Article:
PC-Topp.NET prints pallet labels in real time at the machine: Ideally, the person at palletisation will find just one label in the printer when he needs it, the label for the pallet he is just finishing. This is ensured by printing the label when the pallet is half full (or alternatively at the beginning or at the end of the pallet).
This gets desynchronized by waste during production: The counter shows the pallet as half full, but in fact that quantity is not reached yet. Small differences are not a problem, but when the waste goes near the quantity on a pallet the user will find two labels in the printer, the right label and – on top of it - the label for the next pallet. Of course, this can lead to errors.
Therefore, we created buttons to enter waste during production to re-synchronize the label printing in such a case. And while we were at it, we added a few more buttons, to make the solution complete.
Sheets used during set-up are usually waste, and the terminal can be configured to count set-up waste automatically (the number can be corrected manually during or after set-up). Set-up waste is entered in sheets (and not in finished goods, e.g. on a die-cutter).
Waste occurring after set-up is entered as the number of faulty products taken out before palletisation.
Waste Before the Machine
Sheets sorted out before feeding them into the machine have no influence on label printing synchronisation. But if a high quantity must be sorted out, then PC-Topp's estimated ending time should be adjusted. To do so, enter the waste before the machine using the corresponding button (quantity is entered in sheets).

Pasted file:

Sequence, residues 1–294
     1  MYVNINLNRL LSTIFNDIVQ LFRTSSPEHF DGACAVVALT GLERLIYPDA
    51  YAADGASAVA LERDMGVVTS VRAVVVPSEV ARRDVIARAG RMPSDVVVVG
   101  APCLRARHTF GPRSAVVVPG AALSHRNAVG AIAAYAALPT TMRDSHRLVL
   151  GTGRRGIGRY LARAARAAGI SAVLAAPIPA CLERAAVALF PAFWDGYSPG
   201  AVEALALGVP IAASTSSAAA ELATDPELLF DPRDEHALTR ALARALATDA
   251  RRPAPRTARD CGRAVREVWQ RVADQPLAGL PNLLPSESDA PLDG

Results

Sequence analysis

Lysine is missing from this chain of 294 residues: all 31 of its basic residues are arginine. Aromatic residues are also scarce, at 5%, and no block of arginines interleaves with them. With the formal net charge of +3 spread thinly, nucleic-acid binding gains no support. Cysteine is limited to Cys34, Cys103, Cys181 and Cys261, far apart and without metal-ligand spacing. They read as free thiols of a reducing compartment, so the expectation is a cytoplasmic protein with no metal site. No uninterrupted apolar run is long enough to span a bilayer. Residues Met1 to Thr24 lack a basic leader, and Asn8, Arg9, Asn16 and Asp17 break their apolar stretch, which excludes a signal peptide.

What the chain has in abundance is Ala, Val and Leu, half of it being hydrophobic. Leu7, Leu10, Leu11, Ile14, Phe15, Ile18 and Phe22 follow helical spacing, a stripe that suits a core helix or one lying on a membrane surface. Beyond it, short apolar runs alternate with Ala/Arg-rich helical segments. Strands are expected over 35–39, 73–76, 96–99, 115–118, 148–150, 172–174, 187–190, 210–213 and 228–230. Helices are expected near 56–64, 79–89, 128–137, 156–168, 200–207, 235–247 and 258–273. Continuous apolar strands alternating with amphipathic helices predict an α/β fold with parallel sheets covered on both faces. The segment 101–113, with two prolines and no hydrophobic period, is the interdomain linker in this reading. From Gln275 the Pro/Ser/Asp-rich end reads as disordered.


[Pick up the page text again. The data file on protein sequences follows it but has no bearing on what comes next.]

Sheets From / to Stock
Like waste occurring before the machine, sheets added from stock (or excess quantities not converted but moved to stock instead) can change production time quite dramatically. Therefore, we added a button that lets you change the quantity that will go through the machine by entering the number of sheets going to (or coming from) stock.
This information is not stored at this time. We have future plans to keep quantities moved into stock in memory so that the terminal can later suggest what quantities (and from which production orders) could be added from stock for a given article.
Products Moved to Stock
A final button added at the end of the machine lets the crew reduce the quantity going to Shipping or to the next machine. This is useful if e.g. printing is done for a big overrun coming from the corrugator, but because the customer accepts only exact quantities, only a smaller number must go to the die-cutter.
The reduced quantity gives the order a correct duration on the next machine and thus allows more precise planning.
The entries are not stored, however: Again, we have future plans to create a memory of quantities of an article (or semi-finished goods) moved into stock, so that they can later be identified and retrieved.